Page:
Pajarito's Museum

March 15, 2006
Day 168

I planned on leaving Salta tomorrow, so today I decided to check out one of the many museums listed on my map of the city. It was siesta time, however, and not much was open. The only museum listed that was open during the afternoon was Pajarito's, and what a museum it was.

The musuem was in Pajarito's house. His nickname name means "little bird" in Spanish. I don't remember his real name, but that's OK, because everyone called him Pajarito. He earned the nickname at an early age because he was tall, thin, and very clean.

Pajarito was born in the late 1800's to a rich family in Salta. He went to college in Buenos Aires, but he didn't do much studying. When he learned that going to a rich kid's school wasn't his thing, he took up orthodontics. He didn't like that either, so he came back to Salta and got a job as a bank manager.

Nobody knew how he got the job as a bank manager because he didn't work very hard. Instead, he threw big parties every night that ended at dawn. He went to work for a few hours in the morning, and slept from the time he left work until 5:00 PM, when the partying began anew.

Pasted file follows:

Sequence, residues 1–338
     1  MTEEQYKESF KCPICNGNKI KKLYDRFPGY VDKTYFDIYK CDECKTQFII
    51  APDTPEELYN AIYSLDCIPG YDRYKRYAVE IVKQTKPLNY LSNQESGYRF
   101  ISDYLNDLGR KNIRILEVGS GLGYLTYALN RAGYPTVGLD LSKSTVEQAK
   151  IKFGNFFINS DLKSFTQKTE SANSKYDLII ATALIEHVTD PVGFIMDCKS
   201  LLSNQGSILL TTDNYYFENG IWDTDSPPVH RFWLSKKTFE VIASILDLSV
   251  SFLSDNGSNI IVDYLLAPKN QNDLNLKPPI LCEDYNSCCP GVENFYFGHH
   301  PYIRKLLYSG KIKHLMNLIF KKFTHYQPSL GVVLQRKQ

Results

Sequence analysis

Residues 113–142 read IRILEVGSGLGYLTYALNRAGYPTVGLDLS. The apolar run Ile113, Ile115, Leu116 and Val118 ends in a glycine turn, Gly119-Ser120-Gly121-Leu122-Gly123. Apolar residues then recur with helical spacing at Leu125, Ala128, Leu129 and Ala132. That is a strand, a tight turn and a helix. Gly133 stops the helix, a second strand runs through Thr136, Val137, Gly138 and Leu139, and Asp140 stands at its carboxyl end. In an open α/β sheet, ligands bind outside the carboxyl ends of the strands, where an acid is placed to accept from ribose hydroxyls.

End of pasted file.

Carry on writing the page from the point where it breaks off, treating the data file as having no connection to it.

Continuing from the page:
Pajarito's uncle bought his house for him because he didn't have any money. He made a good salary from his bank manager job, but he spent all of his money on food, alcohol, and cigars at his parties. He soon became well-known for his generosity.

Before long, every musician and artist from the country was visiting Pajarito's home. Sometimes, they planned on staying for a few days, but didn't leave for several months. The neighbors didn't seem to mind because the music that was played there was so good. In fact, by the 1950's, everyone who was anyone in the music industry of South America visited Pajarito's house at some point.

The people who stayed there often left strange gifts, which today are scattered throughout his home, just like they were fifty years ago. Included in the gifts I saw were spears from a movie set, a guitar-like instrument from Africa, and a device for holding mate and sugar where the containers were made out of a bull's testicles, and the handle was the bull's penis.

People often wrote to Pajarito without writing his actual address. I was shown several envelopes that simply said "Salta" and had a drawing of a bird. One creative author even wrote a poem on the front of an envelope describing where to send the letter. It successfully made it to Pajarito's house, despite the fact that it was sent from Peru.

Pajarito died in the 1960's. He never married or had any kids, so his house was turned into a museum. I was shown a picture of the house from the 1950's, and it looked exactly the same then as it does today. It was one of the most fascinating places I've visited in a long time.

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